Winning Time: Quincy Isaiah humiliated in awkward scene as Magic Johnson

Quincy Isaiah scored the role of a lifetime playing NBA icon Magic Johnson in a hit new TV show, but not everything went to script.

When is acting just acting, and when does it go too far?

That was the question facing Quincy Isaiah, the breakout star of the hit new show Winning Time: The Rise of the Lakers Dynasty.

In the new Binge TV series Isaiah plays Magic Johnson, the basketball icon who won five NBA championships with the LA Lakers in the 1980s.

The 10-part series chronicles the early years of that dynasty — from the Lakers deciding to draft Johnson with the No. 1 pick in 1979, to the off-court dealings of new Lakers team owner Dr Jerry Buss (played by John C. Reilly).

Stream the brand new series, Winning Time: The Rise of the Lakers Dynasty on BINGE. The story behind the team that changed the game forever. New BINGE customers Try 14-Days Free >

The charismatic Buss was desperate to transform the Lakers from a struggling organisation to must-watch entertainment on the back of Johnson’s star talent and some added flair on the sidelines.

After buying the team, Buss identifies Johnson as the man who can take the Lakers to the next level, but not everything goes smoothly for Johnson.

Johnson is initially given the cold shoulder by incumbent point guard and established star Norm Nixon, who happens to be played by his son DeVaughan Nixon in the show.

Nixon was defensive of his territory, as Isaiah found out during a tense scene in the first episode where the pair face off in a game of one-on-one basketball.

To show who’s top dog in the team, Nixon schools Johnson but the actor went off script — committing the ultimate act of humiliation in basketball by stepping over Isaiah after he fell flat on his face.

Isaiah was shocked by Nixon’s improvised move, but said it was perfect for the drama of the scene.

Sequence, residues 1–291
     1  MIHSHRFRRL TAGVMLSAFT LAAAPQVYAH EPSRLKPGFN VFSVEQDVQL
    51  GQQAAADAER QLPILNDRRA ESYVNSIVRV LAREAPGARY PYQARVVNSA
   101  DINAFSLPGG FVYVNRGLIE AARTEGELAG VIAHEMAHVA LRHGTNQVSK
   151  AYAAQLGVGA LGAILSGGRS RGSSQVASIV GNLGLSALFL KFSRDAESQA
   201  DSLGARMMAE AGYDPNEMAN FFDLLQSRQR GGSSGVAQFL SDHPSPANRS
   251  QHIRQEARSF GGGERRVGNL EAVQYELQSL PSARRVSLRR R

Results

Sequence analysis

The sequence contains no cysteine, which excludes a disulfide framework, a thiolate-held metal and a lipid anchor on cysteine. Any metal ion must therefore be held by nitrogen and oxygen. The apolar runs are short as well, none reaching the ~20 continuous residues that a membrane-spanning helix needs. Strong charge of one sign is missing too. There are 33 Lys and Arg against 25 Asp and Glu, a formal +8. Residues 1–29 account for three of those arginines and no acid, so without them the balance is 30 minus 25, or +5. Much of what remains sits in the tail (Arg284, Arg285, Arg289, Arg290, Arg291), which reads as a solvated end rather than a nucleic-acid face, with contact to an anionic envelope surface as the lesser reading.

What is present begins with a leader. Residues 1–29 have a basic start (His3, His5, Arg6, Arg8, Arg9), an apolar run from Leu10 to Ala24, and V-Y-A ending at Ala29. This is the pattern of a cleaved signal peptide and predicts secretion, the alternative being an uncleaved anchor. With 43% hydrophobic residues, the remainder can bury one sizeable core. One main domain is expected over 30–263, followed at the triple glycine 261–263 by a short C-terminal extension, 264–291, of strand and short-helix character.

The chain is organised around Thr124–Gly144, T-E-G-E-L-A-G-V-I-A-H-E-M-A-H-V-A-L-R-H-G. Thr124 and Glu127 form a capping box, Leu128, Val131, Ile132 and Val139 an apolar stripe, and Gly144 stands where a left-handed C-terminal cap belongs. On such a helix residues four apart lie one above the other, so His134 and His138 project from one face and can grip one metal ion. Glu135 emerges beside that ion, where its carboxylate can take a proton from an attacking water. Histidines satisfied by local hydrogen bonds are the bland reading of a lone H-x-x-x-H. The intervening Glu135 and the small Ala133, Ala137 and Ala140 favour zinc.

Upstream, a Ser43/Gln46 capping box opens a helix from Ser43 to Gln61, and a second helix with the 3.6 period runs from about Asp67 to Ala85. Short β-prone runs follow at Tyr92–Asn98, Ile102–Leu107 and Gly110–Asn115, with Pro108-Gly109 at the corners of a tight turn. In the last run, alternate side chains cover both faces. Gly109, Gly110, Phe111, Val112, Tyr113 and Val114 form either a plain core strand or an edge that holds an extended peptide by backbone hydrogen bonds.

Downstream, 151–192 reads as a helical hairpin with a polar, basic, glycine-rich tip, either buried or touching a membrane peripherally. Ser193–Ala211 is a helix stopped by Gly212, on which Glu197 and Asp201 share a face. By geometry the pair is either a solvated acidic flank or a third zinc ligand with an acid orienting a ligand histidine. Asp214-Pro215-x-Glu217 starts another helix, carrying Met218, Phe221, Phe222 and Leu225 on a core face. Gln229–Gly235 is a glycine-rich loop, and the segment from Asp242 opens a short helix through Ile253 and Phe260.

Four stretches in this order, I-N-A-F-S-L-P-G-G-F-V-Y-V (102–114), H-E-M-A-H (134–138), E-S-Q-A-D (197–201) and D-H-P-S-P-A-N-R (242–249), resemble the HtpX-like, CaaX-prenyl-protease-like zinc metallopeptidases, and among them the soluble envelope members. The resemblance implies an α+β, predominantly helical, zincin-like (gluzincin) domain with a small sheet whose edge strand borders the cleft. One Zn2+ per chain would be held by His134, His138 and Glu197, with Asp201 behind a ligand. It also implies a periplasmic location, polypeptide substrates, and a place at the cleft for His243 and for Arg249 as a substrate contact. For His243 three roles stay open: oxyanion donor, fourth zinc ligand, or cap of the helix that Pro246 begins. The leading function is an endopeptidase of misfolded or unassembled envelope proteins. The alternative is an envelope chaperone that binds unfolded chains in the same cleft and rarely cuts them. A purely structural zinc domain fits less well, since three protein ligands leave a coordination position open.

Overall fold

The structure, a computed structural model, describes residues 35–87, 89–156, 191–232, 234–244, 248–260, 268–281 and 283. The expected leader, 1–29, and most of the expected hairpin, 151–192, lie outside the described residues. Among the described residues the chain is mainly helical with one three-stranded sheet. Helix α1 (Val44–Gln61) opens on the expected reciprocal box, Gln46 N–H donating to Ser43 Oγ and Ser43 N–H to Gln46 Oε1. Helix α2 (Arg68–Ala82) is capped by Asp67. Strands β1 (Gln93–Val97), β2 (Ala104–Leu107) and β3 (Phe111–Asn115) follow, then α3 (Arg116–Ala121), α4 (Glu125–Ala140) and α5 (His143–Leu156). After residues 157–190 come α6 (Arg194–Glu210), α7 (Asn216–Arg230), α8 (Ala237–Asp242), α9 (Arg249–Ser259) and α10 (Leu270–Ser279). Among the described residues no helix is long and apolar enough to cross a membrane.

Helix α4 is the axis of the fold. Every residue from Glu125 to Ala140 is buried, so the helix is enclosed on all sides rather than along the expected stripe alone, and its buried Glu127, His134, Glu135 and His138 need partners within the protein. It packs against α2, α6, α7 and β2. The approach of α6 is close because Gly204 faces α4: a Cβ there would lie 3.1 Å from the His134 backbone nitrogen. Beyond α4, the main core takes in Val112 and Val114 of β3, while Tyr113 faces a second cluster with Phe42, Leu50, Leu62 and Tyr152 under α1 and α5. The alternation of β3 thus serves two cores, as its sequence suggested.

When asked by if he had any ill will towards Nixon for the next day or so after shooting that scene, Isaiah responded: “Oh yeah. Because before that me and DeVaughan, we hung out, like we were friendly at that point. We didn’t know each other like we do now but we were friendly.

“At that point I’m like, ‘All right, DeVaughan’s cool. I’ve got this scene and we’re going to act’. And then it went ‘action’ and I didn’t know who this person was anymore. He was just going at me and I’m just like, ‘Man, are we acting still?’

“Yes, my pride was hurt when he stepped over me. He almost did like a little sit down too.

“But it works and it translates to the camera. That’s one of the lessons I learned as an actor is, ‘Do what works’. He kills that scene, he kills it. In that scene, I feel like what you see is real because I’m just like, ‘Man, I just got humiliated and I can’t do nothing about it’.

Isaiah said Nixon explained the step-over move was just for acting purposes and there are certainly no hard feelings between the two co-stars.

“We talked on the phone the next day,” he said.

“He called me up, he was like, ‘Hey, I just want to let you know that was just acting, we good?’ I’m like, ‘Yeah, all right man’. He’s like, ‘Nah bro, we good! That was just us acting’. I’m like, ‘All right’.

“But that’s my guy now and that was my guy after that.

“You can’t knock the work, and it works. I’m thankful for him for teaching me that lesson.”

Isaiah scored the role of a lifetime but said the hardest part was knowing “there are big shoes to fill” in portraying the great Magic Johnson.

Alongside Isaiah, Winning Time features an all-star ensemble cast including Reilly, Adrien Brody, Sally Field and Australian Jason Clarke as scorned Lakers player-turned-coach Jerry West.

“It was incredible,” Isaiah said of watching his co-stars at work.

“It’s a masterclass. You get to sit back and see actors do acting at the highest level, behind the scenes, in between takes and see what their process is.

“Jason (Clarke) is in character 10 minutes before he starts shooting and 10 minutes afterwards.

“It was incredible to work with everybody and just learn and play off each other. It was a loose set and they allowed us to be actors and just go after it. We were allowed to be free and just go.

“Personally, I think the show is incredible. I love the quick cuts and just the way it’s told. It’s really a beautiful story and I’m very lucky to be a part of something that I think is really special. It was a story that needed to be told.”

Stream Winning Time: The Rise of the Lakers Dynasty on Binge now. New episodes drop every Monday at 1pm (AEDT).

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